June is Men’s Health Month and an opportunity to take a closer look at the role mental health and stigma play in addiction treatment for men. Certain factors can make men more vulnerable to addiction and mental or behavioral health issues, and often a stigma against seeking treatment can exacerbate the problem.

Compared to women, men use substances more often and in greater quantities. According to the CDC, binge drinking is twice as common among men than women. Studies show physiological and social changes that occur in adolescence can impact boys and girls differently and lead to a greater risk for disruptive substance use for men. Factors such as brain maturation, low response to alcohol, perceived substance use of peers, and traditional gender role socialization can lead to increased substance use for males.

Similarly, men are less likely than women to seek help for mental health issues such as depression or stressful life events because of the pressure of societal norms. Often it is perceived through the media and via normalized gender stereotypes that men should always remain strong, both emotionally and physically. Yet more than six million men in the U.S. suffer from depression and more than three million live with some kind of anxiety disorder. The pressure to adhere to social norms of strength can hold men back from seeking the help they need.

These misunderstandings around men’s mental and behavioral health are a significant barrier to treatment. Society’s stereotypes of men as providers can give off an inaccurate view of what it means to have an addiction or mental health issue. Often men think if they maintain a job and continue paying bills and supporting their families, that is what matters. They may not prioritize their mental and behavioral health or see their habits as a problem and overlook the signs of a serious issue.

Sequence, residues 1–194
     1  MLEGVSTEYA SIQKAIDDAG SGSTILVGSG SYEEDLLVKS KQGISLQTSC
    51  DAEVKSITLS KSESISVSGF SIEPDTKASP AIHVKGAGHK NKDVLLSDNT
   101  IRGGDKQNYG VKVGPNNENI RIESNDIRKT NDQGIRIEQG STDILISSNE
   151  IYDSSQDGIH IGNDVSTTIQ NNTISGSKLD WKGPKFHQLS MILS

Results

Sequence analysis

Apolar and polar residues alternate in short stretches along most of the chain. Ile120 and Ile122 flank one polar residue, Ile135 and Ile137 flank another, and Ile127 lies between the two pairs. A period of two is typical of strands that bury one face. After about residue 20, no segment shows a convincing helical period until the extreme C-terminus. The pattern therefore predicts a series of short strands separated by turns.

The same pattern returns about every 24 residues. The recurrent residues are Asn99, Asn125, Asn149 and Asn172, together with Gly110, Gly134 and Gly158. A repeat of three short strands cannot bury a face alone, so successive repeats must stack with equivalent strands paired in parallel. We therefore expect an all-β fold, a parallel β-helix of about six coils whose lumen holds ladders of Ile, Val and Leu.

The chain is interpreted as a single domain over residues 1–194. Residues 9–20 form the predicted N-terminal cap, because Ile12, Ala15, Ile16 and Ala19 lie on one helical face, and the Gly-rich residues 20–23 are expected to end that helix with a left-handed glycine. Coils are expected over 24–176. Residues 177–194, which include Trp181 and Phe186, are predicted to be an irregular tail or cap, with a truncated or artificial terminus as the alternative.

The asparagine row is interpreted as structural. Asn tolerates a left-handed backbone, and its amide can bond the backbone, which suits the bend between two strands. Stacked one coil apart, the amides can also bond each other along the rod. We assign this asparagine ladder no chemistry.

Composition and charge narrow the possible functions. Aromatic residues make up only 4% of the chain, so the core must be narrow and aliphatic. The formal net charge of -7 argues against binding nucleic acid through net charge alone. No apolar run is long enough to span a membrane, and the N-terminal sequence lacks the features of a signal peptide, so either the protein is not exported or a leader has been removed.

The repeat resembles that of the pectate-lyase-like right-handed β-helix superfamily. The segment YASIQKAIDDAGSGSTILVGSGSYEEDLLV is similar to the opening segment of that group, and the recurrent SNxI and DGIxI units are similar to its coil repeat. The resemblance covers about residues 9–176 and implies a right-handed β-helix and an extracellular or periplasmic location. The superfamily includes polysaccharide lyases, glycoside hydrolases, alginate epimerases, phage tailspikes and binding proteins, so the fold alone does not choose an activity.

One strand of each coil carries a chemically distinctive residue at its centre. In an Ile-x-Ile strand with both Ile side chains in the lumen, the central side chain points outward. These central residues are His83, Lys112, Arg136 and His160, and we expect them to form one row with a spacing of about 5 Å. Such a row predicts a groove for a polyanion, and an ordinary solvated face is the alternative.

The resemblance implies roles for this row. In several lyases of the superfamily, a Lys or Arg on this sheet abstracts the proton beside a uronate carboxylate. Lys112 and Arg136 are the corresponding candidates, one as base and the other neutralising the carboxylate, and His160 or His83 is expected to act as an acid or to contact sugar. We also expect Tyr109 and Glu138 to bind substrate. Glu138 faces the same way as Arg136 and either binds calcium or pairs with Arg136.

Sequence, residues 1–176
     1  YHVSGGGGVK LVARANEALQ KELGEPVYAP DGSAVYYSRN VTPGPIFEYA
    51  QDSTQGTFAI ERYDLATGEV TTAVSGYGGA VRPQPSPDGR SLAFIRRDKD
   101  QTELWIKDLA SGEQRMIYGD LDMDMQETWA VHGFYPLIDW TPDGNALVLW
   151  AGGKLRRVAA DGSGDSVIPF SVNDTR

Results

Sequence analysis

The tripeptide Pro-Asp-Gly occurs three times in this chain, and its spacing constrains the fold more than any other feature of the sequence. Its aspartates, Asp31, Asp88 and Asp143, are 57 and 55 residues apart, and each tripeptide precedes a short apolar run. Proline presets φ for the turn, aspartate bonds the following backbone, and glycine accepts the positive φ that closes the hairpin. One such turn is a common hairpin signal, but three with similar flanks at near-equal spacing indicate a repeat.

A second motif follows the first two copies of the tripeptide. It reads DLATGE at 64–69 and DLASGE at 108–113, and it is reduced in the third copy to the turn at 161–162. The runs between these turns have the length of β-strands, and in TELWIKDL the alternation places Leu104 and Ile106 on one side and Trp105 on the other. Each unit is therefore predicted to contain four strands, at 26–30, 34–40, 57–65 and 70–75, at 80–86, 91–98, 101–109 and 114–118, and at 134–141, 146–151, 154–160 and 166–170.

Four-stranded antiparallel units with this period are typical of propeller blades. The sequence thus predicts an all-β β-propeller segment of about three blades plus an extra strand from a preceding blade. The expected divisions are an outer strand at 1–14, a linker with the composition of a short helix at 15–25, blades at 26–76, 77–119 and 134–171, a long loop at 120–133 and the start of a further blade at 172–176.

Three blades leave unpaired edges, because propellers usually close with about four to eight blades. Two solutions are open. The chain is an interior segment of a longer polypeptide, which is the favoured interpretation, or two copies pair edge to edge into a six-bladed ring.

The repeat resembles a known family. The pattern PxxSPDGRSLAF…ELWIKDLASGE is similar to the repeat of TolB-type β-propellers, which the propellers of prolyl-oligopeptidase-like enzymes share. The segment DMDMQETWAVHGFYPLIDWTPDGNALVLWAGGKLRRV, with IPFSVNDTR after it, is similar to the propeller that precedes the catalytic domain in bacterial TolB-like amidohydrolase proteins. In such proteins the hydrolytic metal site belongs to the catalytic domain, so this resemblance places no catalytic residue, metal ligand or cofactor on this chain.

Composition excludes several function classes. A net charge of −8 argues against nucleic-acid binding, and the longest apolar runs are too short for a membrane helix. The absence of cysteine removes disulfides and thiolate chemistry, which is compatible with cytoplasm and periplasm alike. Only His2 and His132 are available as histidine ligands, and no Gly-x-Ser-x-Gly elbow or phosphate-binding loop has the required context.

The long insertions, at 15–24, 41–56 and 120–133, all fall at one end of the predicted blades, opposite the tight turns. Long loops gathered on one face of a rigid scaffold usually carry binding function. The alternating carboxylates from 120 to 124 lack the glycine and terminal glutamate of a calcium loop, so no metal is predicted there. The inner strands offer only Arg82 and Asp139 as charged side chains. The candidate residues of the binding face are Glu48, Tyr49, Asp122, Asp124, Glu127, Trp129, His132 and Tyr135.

Hesitating to seek mental or behavioral health treatment can lead to unhealthy coping strategies and increased substance use. When people feel they are unable to express their emotions without judgment, they may turn to drugs or alcohol to cope. The fear of opening up that many men face thanks to gender stereotypes and societal norms can lead to increased substance use and cause further harm to mental and behavioral health, creating a vicious cycle.

If someone you know is struggling with addiction, CleanSlate is here to support. Reaching out for help is not a sign of weakness. Visit www.cleanslatecenters.com to find a CleanSlate location near you.

Brian Coonan

Brian Coonan, MPA, LSW is the Regional Director of Operations in PA and CT for CleanSlate, a leading national medical group that provides office-based outpatient medication treatment for the chronic disease of addiction, primarily alcohol and opioid use disorders.